British Prime Minister Boris Johnson launched a cross government commission on racial inequality in light of the George Floyd murder last month in Minneapolis; pressures mounted on Monday for him to take action with the plan.
Criticism of the strength of Johnson’s plan emerged after he failed to divulge details about the commission, according to Reuters.
The commission will tackle racism and the socioeconomic ethnic discrepancy of minority groups in health, education, and the criminal justice system, said Reuters.
Reuters alleged that David Lammy, an opposition Labour lawmaker, said that, “It’s the sort of morning that makes me slightly weary, because it feels like we’re going round in circles,” in response to the Prime Minister’s ambiguity about the commission.
Lammy created a report covering the U.K.’s criminal justice system and it’s over-representation of black people, however the conclusions from the report have not made it past paper, Reuters said.
“The time for review is over and the time for action is now,” said Lammy, according to Reuters.
Since the murder of George Floyd, thousands took to the streets of English cities in protest to racial inequity.
Johnson, in response to the growing protests, said on Sunday that as prime minister, he wanted to, “change the narrative, so we stop the sense of victimisation and discrimination,” said Reuters.
By Monday, Johnson’s commission had supposedly been formed, according to a spokesman for the prime minister, and a report of findings and recommendations would be released at the end of the year, said Reuters.
“It won’t be easy,” Johnson said. “We’ll have to look very carefully at the real racism and discrimination that people face,” according to Reuters.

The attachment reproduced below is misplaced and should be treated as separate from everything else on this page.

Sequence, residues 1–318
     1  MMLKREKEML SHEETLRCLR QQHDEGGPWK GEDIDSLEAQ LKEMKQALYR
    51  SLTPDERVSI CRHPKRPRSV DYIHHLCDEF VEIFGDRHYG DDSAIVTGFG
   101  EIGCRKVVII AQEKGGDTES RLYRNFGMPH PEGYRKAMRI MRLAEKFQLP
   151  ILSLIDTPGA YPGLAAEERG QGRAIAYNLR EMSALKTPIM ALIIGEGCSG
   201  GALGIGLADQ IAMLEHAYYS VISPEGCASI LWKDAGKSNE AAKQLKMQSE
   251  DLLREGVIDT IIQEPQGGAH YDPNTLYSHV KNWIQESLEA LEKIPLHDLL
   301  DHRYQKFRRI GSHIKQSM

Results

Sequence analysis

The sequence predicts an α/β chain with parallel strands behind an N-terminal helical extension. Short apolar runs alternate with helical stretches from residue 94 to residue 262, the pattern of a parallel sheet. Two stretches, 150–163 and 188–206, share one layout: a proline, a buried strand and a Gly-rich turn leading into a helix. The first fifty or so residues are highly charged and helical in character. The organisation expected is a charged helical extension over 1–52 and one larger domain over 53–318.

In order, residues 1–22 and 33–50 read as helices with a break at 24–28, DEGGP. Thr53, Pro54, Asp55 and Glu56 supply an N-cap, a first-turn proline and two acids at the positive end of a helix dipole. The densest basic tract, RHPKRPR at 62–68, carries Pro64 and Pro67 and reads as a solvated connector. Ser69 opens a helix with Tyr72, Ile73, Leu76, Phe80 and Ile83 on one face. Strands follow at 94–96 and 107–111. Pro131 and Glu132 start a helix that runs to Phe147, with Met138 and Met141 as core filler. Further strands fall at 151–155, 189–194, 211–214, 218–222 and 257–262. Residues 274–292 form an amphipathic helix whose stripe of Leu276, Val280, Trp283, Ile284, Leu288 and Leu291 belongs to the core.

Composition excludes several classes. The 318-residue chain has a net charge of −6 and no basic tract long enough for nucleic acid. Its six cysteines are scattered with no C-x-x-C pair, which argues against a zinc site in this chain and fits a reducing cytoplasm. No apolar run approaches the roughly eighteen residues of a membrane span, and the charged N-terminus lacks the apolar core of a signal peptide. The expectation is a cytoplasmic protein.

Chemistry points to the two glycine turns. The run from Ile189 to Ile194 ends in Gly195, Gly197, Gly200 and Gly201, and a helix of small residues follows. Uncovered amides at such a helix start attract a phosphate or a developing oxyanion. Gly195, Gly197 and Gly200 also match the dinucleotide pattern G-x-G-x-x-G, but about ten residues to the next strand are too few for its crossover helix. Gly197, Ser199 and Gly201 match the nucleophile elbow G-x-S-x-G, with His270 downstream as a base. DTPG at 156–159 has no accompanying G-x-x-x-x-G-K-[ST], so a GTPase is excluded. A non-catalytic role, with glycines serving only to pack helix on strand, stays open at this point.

After the riots, statues of Winston Churchill are no longer safe from protesters, according to Reuters. Churchill has been widely acknowledged as a war hero following his leadership during World War II for the Allies.
Prime Minister Johnson’s commission was started to create justice and equality for minority groups and black people, however his take on the protesters actions against the statue reflects unease.
Johnson appeared “extremely dubious about the growing campaign to edit or photoshop the entire cultural landscape,” said Reuters. The prime minister wrote that the country should, “…fight racism, but leave our heritage broadly in peace,” according to Reuters.
An article last week in BBC said that Churchill’s granddaughter believes his statue could be moved to a museum after controversy amidst the Black Lives Matter protests.
The granddaughter, Emma Soames, was “shocked” when she witnessed his statue in Parliament Square boarded up, said BBC; these measures followed the events of last week when someone spray painted “was a racist” beneath the statue.
Soames told BBC Radio 4 that, “we’ve come to this place where history is viewed only entirely through the prism of the present,” said BBC.
Some of Churchill’s social views would not be acceptable today, according to his granddaughter, however at that time in history, she argued, they were not completely out of the norm, said BBC.
However, “He was a powerful, complex man, with infinitely more good than bad in the ledger of his life,” added Soames.
“I find it extraordinary that millions and millions of people all over the world who look up to Britain will be astonished that a statue of Churchill and the Cenotaph, our national war memorial, could have been defaced in this disgusting way,” said Churchill’s grandson, Sir Nicholas Soames, to the Daily Telegraph, according to BBC.
Author Shrabani Basu argued that India does not view Churchill as a hero from his role in the 1943 Bengal famine, which was believed to kill three million people, said BBC. Basu does not advocate for the statues’s destruction, however she wants both sides of his story told.
Others who oppose the statue like Black Lives Matter activist Imarn Ayton said the statue should be relocated to a museum because it’s a “… win-win to everyone so we no longer offend the black nation and we also get to keep our history,” she told BBC.
“We cannot try to edit or censor our past,” said Johnson. “We cannot pretend to have a different history,” according to BBC.